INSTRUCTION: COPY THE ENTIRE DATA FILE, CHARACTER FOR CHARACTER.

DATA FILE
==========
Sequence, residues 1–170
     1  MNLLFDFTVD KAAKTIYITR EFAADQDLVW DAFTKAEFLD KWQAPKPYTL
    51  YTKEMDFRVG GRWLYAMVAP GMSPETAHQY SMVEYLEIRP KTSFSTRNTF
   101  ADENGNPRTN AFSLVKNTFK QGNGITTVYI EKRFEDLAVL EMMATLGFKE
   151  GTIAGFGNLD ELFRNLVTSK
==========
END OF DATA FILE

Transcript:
Sequence, residues 1–170
     1  MNLLFDFTVD KAAKTIYITR EFAADQDLVW DAFTKAEFLD KWQAPKPYTL
    51  YTKEMDFRVG GRWLYAMVAP GMSPETAHQY SMVEYLEIRP KTSFSTRNTF
   101  ADENGNPRTN AFSLVKNTFK QGNGITTVYI EKRFEDLAVL EMMATLGFKE
   151  GTIAGFGNLD ELFRNLVTSK